Animalia / Alison Fraser
dancing girl press, 2014
Alison Fraser is a PhD student at the University at Buffalo, where she works for the Emily Dickinson Journal and the Poetry Collection.
What I wanted to be then I have now
Bolt and shot, I canceled and cursed, loosened feet
So bridle my throatlatch; confirmation faults
Before the outside blood, and my ribs are well-sprung.
Misshapen legs and narrow chest, poor bones to hold.
Eroding I left Assateague to fall away; though soft, eventually worn,
The island drifts westward; a full body’s long and not only skin,
And not bellied without its water.
I’m telling you I can fall again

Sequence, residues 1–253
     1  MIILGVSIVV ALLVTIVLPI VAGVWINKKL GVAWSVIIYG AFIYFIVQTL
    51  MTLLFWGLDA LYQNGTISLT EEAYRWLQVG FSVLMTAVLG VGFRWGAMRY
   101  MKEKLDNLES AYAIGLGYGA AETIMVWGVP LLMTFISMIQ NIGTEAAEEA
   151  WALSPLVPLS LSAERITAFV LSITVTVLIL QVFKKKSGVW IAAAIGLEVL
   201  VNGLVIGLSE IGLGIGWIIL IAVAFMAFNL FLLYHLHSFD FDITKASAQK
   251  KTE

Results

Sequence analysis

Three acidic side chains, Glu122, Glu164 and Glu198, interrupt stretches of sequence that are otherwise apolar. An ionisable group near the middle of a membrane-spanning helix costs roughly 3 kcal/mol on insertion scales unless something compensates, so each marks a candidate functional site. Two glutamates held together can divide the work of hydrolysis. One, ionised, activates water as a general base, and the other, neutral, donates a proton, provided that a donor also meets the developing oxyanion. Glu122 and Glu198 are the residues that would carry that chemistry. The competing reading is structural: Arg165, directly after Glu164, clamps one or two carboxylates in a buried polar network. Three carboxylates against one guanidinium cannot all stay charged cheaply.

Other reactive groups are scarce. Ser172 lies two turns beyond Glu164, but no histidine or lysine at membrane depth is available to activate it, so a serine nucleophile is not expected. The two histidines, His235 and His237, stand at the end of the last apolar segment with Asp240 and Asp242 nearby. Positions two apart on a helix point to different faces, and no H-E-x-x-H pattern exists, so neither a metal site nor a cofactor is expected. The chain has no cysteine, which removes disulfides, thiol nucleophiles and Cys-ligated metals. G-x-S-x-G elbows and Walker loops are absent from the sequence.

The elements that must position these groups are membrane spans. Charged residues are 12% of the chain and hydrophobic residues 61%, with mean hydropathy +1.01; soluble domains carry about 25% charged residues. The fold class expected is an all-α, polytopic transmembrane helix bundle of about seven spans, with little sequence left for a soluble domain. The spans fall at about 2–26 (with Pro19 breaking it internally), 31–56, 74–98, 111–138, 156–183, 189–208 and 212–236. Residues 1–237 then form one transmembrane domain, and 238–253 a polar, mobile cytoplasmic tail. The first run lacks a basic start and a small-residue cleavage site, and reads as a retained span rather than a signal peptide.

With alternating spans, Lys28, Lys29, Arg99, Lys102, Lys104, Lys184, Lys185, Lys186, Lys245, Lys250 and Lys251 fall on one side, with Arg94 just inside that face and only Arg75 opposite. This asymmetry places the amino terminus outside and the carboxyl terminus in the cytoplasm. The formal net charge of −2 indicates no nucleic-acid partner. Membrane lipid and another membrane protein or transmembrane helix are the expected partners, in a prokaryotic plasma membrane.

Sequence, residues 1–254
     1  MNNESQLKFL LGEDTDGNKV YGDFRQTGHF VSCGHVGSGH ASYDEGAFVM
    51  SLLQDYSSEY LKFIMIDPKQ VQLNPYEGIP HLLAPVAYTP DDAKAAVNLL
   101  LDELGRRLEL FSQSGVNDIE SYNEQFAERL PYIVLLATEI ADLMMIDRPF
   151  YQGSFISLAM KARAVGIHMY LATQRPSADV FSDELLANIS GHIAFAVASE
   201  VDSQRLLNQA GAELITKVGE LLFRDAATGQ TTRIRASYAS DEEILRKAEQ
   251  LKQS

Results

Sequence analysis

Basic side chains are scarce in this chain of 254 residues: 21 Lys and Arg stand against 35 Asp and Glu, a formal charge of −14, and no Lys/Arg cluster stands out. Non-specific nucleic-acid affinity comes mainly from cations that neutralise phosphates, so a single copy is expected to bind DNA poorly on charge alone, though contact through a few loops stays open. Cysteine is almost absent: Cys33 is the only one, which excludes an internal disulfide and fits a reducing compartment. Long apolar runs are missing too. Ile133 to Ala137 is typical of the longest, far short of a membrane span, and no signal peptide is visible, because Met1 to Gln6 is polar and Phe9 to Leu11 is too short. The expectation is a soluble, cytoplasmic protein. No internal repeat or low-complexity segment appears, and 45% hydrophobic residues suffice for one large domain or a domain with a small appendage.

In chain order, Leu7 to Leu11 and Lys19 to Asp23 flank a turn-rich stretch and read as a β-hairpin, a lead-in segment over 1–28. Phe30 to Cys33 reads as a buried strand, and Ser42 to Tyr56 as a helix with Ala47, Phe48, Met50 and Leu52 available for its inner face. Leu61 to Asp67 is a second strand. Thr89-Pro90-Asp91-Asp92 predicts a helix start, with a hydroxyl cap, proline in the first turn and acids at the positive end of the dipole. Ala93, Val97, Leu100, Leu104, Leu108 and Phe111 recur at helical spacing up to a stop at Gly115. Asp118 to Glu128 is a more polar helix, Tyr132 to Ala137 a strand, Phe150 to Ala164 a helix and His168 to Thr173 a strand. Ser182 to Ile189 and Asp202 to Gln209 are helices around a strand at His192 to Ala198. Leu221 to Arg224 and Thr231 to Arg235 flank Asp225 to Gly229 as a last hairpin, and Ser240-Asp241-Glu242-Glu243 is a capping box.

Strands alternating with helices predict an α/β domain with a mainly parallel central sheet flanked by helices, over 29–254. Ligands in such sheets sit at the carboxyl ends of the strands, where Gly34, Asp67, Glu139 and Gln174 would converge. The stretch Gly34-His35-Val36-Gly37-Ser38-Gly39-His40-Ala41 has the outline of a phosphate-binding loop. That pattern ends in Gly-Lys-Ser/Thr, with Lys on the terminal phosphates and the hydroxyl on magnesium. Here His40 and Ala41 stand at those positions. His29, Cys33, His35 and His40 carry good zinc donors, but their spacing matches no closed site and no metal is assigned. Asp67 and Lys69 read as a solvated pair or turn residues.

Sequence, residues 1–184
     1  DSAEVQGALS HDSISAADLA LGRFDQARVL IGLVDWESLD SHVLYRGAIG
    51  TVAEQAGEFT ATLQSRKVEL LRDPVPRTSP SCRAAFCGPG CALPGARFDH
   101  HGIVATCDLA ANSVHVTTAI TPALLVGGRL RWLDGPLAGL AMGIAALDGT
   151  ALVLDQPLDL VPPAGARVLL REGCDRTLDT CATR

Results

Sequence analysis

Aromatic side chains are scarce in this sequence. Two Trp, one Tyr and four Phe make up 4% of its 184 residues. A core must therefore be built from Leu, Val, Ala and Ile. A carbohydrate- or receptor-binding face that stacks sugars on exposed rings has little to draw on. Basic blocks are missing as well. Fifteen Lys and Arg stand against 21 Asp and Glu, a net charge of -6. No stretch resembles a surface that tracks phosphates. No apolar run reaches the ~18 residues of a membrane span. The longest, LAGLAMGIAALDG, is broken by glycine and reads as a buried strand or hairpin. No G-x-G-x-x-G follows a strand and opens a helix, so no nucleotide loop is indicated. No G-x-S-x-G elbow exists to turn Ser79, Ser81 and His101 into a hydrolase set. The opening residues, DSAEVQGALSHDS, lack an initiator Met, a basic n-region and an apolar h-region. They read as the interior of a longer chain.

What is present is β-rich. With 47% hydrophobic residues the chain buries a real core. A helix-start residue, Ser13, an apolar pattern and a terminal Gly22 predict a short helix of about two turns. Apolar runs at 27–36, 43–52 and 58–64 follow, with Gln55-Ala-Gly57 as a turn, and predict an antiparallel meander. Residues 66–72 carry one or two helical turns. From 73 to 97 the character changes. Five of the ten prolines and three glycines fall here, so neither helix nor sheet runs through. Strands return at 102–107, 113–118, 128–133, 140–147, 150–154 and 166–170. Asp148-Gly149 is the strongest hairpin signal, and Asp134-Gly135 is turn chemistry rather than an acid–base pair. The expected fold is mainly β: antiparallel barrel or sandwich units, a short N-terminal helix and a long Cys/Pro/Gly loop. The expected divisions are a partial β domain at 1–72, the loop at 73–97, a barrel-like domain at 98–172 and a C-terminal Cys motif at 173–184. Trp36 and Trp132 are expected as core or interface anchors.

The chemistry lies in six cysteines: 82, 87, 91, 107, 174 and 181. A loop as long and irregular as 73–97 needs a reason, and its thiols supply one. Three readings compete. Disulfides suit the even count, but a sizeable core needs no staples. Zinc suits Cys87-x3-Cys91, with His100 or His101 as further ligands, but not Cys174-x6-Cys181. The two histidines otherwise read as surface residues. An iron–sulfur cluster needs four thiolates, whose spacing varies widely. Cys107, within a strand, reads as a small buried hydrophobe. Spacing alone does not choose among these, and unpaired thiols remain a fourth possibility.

And after loving you my breast beats once more
And the mountain beasts can cause no fear
In ribs that cage amore like mine.
Only hours until you lay away the days
From face and body, standing in ocean waves
Channel me to Chincoteague, alive in band
And back to the water’s verge.
A woman’s shadow carries behind you
And in each wall I see the scrape, requicken in trod sorrow
In quiet nests turned around and engraved from the back—
This the hilly birth of my erasure, first and unexpected.
Aces are heroes and the grave preserves life
And each time you leave I will follow.
Having held horses by the stage door, knowing what then
I cannot bring back to you, who became enough for tears,
Too human for the city or the town.